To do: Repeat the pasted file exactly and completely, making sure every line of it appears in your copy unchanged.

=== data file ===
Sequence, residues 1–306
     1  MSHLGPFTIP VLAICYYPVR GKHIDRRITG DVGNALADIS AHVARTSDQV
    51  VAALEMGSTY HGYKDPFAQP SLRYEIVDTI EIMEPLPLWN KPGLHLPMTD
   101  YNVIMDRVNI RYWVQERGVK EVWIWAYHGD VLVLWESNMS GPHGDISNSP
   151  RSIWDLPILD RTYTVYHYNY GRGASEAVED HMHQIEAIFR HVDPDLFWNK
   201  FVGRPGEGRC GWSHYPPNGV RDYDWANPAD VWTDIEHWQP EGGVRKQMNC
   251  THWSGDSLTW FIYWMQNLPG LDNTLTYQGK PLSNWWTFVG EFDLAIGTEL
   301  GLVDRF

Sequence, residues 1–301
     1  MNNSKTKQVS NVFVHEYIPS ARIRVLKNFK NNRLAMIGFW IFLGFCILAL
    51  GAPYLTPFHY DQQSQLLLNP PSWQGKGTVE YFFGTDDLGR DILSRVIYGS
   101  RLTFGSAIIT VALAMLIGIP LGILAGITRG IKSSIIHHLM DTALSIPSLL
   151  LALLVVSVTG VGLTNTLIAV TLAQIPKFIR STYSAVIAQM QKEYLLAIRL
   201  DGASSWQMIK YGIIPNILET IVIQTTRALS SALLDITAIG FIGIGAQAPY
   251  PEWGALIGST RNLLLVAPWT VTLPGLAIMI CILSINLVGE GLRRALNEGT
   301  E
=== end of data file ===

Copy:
Sequence, residues 1–306
     1  MSHLGPFTIP VLAICYYPVR GKHIDRRITG DVGNALADIS AHVARTSDQV
    51  VAALEMGSTY HGYKDPFAQP SLRYEIVDTI EIMEPLPLWN KPGLHLPMTD
   101  YNVIMDRVNI RYWVQERGVK EVWIWAYHGD VLVLWESNMS GPHGDISNSP
   151  RSIWDLPILD RTYTVYHYNY GRGASEAVED HMHQIEAIFR HVDPDLFWNK
   201  FVGRPGEGRC GWSHYPPNGV RDYDWANPAD VWTDIEHWQP EGGVRKQMNC
   251  THWSGDSLTW FIYWMQNLPG LDNTLTYQGK PLSNWWTFVG EFDLAIGTEL
   301  GLVDRF

Sequence, residues 1–301
     1  MNNSKTKQVS NVFVHEYIPS ARIRVLKNFK NNRLAMIGFW IFLGFCILAL
    51  GAPYLTPFHY DQQSQLLLNP PSWQGKGTVE YFFGTDDLGR DILSRVIYGS
   101  RLTFGSAIIT VALAMLIGIP LGILAGITRG IKSSIIHHLM DTALSIPSLL
   151  LALLVVSVTG VGLTNTLIAV TLAQIPKFIR STYSAVIAQM QKEYLLAIRL
   201  DGASSWQMIK YGIIPNILET IVIQTTRALS SALLDITAIG FIGIGAQAPY
   251  PEWGALIGST RNLLLVAPWT VTLPGLAIMI CILSINLVGE GLRRALNEGT
   301  E